2.4 | Bread-making process

Dough mixing, processing, and baking were performed on laboratory-scale equipment. Durum wheat dough was used as the reference sample (named as CTRL), was prepared with 1500 g of durum wheat flour, 900 g of water, 75 g of extra-virgin olive oil, 45 g of compressed fresh yeast, 15 g of sugar, and 30 g of salt. All ingredients, except salt were mixed thoroughly with half of the water in a mixer (Conti Impastatrici, Verona, Italy) at high speed (200 rpm) for 10 min, and then the rest of the water with salt previously dissolved, was slowly added and mixed for 15 min at low speed (110 rpm). Once a homogeneous mixture was obtained, dough portions of 800 g were manually rounded and placed in a thermostatic proofing oven (Thermogel, Varese, Italy) at constant temperature (30°C) and relative humidity (85%) for about 70 min. Afterwards, the dough samples were baked in a preheated electric oven (Europa Forni, Vicenza, Italy) at 230°C for 15 min, followed by 35 min at 200°C. Samples were cooled at ambient temperature for about 2 hr before instrumental and sensory analyses. The baking process was performed in triplicate. The other enriched experimental samples were prepared using the same procedure as for the CTRL, with organogel in proper substitution of oil and bran in substitution of durum wheat flour, as shown in Table 1.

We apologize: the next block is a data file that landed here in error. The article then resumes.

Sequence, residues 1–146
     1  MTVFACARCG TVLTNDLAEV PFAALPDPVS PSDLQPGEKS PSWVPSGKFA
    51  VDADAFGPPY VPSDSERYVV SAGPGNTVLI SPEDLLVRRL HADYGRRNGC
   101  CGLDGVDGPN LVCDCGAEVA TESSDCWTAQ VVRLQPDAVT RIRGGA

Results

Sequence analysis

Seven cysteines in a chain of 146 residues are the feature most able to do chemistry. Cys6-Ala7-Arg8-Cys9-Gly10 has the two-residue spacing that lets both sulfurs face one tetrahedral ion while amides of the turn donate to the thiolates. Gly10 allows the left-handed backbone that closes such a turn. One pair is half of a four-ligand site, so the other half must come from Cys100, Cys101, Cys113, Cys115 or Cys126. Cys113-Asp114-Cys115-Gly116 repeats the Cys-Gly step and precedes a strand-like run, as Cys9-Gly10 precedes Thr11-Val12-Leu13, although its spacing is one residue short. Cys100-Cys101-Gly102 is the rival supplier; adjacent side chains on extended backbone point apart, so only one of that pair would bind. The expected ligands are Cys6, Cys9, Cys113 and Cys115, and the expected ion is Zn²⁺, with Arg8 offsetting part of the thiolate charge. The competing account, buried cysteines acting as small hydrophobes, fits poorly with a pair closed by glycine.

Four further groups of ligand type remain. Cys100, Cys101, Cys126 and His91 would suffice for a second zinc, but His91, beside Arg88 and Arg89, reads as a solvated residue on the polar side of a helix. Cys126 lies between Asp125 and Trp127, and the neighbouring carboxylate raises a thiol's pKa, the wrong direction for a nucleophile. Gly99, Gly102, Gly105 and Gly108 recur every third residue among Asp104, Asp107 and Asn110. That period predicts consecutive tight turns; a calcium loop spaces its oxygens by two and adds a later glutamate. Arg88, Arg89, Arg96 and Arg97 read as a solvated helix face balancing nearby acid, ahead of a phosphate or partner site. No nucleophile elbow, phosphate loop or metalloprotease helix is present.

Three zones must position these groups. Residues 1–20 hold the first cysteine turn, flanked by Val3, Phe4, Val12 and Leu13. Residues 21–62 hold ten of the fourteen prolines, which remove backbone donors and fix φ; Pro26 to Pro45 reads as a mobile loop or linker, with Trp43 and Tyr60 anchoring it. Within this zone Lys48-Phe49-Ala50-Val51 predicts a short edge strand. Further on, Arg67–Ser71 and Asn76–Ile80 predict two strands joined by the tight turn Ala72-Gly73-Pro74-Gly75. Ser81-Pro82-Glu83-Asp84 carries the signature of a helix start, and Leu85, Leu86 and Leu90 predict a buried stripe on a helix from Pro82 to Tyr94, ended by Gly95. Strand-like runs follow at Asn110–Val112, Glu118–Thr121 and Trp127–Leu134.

2.5 | Textural properties 2.5.1 | Dough texture analysis

Texture Analyzer Zwick/Roell model Z010 (Zwick Roell Italia S.r.l., Genova, Italy) equipped with dough tensile testing device was used to measure the tensile properties. Before beginning the analysis, the material to be tested was placed between the molding and the compression plates, so that samples with suitable size were formed. After this phase, each sample was individually placed on a support plate, which was located inside the testing machine. The material testing machine

TABLE 1 Bread samples formulations

Sample % OG % BR % BR-PS

OG5 5 - -

OG5-BR5 5 5 -

OG5-BR10 5 10 -

OG5-BR15 5 15 -

OG5-BR15-PS 5 - 15

OG7.5-BR15 7.5 15 -

OG7.5-BR15-PS 7.5 - 15

All percentages were calculated on the total weight flour.

starts in the tensile direction, and the tensile hook recorded the test load. Pre-load of 0.01 N, cell load of 50 N, and a crosshead speed constant of 50 mm/min were the trial specifications (Danza et al., 2014).

2.5.2 | Crumb texture analysis